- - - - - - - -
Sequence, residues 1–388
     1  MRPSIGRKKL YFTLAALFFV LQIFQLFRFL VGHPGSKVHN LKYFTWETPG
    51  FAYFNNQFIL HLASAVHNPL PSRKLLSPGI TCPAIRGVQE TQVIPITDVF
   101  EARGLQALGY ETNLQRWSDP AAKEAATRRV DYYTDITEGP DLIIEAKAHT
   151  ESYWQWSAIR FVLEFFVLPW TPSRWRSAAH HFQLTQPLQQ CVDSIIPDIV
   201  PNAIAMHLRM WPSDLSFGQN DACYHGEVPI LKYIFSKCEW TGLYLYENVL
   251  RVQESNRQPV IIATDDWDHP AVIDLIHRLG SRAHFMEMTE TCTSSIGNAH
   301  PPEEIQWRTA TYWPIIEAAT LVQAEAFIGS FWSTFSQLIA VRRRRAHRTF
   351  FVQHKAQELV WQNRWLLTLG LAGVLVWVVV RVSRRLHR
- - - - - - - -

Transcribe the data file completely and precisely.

Sequence, residues 1–388
     1  MRPSIGRKKL YFTLAALFFV LQIFQLFRFL VGHPGSKVHN LKYFTWETPG
    51  FAYFNNQFIL HLASAVHNPL PSRKLLSPGI TCPAIRGVQE TQVIPITDVF
   101  EARGLQALGY ETNLQRWSDP AAKEAATRRV DYYTDITEGP DLIIEAKAHT
   151  ESYWQWSAIR FVLEFFVLPW TPSRWRSAAH HFQLTQPLQQ CVDSIIPDIV
   201  PNAIAMHLRM WPSDLSFGQN DACYHGEVPI LKYIFSKCEW TGLYLYENVL
   251  RVQESNRQPV IIATDDWDHP AVIDLIHRLG SRAHFMEMTE TCTSSIGNAH
   301  PPEEIQWRTA TYWPIIEAAT LVQAEAFIGS FWSTFSQLIA VRRRRAHRTF
   351  FVQHKAQELV WQNRWLLTLG LAGVLVWVVV RVSRRLHR